Read more: Happy St. Patty’s Day: Irish Beer 101
Stouts — dark ales usually brewed with roasted barley — have been hand-crafted since the 18th century in Ireland. Originally billed as “Stout Porters,” these raven-colored elixirs are basically strong, roasted porters. Most beer geeks associate these delicious black brews with the Emerald Isle. They are far and away the most popular barley beverage in the land of Leprechauns.
Read more: Three great Irish beers for Saint Patty’s Day: Guinness and Murphy’s Stout
Beer geeks cringe when anyone reaches for a Budweiser, Miller Lite, Coors or Corona. But often the lost souls who consume these — let’s face it — tasteless brews don’t really know where to turn. With this in mind, the Tampa Tribune’s Jeff Houck recently interviewed TaylorEason.com’s beer writer, Robb Larson, to find out the best craft “bridge” brews for drinkers of Budweiser, Bud Light, Miller Lite, Corona Extra and Coors Light. Some choices might surprise you.
Read more: Replacement craft beers for Budweiser, Miller, Coors and Corona
The Sun Coast area has been making a splash in the craft beer world for a few years now. Only a while ago, it was a place of Budweiser and boat drinks but thankfully that has been changing at an exponential pace. A sign of the revolution: Craft beer bars, often with a salivating 30+ quality brews on tap, have been multiplying and can be found in every part of the metro. Aspiring suds snobs can now savor and evaluate fine ales from around the world. Great beer is brewed here too. The Dunedin Brewery is the oldest brewpub and craft producer in Florida. In 1996 it was joined by Ybor City’s own Tampa Bay Brewing Company. A couple of smaller restaurant and in-house beer makers such as Peg’s Cantina in Gulfport have popped up and others are in the works.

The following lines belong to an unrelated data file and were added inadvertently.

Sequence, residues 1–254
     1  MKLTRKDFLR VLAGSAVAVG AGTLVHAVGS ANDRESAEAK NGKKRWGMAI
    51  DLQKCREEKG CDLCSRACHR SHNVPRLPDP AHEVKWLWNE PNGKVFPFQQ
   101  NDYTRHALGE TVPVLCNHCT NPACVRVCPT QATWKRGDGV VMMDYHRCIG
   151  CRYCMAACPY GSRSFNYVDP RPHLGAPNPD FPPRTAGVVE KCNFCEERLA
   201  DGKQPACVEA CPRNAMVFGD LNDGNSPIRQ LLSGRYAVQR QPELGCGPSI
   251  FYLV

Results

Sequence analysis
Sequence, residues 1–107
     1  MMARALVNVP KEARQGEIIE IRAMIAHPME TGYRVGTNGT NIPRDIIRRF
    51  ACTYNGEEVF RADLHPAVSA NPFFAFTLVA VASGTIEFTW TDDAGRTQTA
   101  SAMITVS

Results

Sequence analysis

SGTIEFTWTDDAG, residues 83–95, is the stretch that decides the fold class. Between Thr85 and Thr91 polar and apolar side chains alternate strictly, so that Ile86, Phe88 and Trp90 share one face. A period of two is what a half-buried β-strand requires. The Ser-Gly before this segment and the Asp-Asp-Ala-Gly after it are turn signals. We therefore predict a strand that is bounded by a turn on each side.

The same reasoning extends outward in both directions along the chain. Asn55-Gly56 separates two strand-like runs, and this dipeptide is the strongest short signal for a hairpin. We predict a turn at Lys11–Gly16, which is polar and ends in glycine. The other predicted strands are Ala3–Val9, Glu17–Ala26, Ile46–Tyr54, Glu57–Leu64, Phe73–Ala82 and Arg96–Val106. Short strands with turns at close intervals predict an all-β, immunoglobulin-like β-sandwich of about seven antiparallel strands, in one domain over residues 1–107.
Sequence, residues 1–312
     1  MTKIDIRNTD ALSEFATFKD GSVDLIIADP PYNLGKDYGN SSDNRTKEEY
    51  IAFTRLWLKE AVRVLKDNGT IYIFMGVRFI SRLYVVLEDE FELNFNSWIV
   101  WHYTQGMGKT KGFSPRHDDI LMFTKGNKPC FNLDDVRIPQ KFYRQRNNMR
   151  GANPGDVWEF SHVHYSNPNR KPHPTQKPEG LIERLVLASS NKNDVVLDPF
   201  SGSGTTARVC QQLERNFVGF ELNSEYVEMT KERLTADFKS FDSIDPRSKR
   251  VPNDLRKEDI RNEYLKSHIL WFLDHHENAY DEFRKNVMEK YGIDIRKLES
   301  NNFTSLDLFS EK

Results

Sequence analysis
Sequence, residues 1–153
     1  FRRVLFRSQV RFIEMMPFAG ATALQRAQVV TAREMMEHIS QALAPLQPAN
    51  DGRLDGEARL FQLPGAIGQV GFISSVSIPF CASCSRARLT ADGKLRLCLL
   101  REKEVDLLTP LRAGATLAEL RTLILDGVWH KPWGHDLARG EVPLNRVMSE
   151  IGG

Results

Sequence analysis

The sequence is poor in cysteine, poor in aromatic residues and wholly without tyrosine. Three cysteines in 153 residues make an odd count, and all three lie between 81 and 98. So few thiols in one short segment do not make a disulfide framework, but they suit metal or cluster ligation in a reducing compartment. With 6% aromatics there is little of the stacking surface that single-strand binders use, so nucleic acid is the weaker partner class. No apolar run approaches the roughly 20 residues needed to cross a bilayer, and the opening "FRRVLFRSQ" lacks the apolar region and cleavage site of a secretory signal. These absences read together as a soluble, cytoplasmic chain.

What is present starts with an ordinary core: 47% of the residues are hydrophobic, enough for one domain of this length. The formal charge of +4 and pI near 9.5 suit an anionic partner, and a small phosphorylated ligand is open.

Read more: Celebrate Tampa Bay Beer Week with some of the best local brews
Cards, candy and flowers are, of course, traditional Valentine’s gifts. Chocolate and berries (usually strawberries) are also commonly given and complement each other, much like those famous pairs. But beer makes a unique and tasty gift on this romantic holiday. Last Valentine’s Day we paired a decadent Rogue Chocolate Stout with the sugary raspberry flavors of St. Louis Premium Framboise Lambic (see last year’s article). This year we explore a pair of aphrodisiacs released by a respected Cooperstown, NY brewery.
Read more: Valentine’s Day beers 2012: Ommegang Seduction and Aphrodite
With the football game and socializing at parties, hosts need some delicious yet simple fare to complement the suds. Grilling or barbecue is always a solid choice, but in early February, it’s not a realistic option for many parts of the nation. Beer and pizza go together as well as…well… beer and football. Combine all three and every fan will be happy, regardless of the score. This year’s Superbowl has cities with wonderful, drinkable brews. To commemorate this historic event, we’ll recommend two distinct beers from a brewery in each town, Boston and New York. The beer styles chosen from each brewery pair well with pizza, a lager and an IPA.
Read more: Beer n’ pizza: Two great tastes for a Super Bowl score